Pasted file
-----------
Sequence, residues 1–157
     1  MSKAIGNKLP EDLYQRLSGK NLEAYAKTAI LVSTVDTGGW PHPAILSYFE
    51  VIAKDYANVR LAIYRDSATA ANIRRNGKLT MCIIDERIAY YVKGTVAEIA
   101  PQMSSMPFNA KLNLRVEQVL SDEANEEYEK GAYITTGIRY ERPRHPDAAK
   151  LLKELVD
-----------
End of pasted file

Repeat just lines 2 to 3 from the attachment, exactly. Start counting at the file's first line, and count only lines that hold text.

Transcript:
     1  MSKAIGNKLP EDLYQRLSGK NLEAYAKTAI LVSTVDTGGW PHPAILSYFE
    51  VIAKDYANVR LAIYRDSATA ANIRRNGKLT MCIIDERIAY YVKGTVAEIA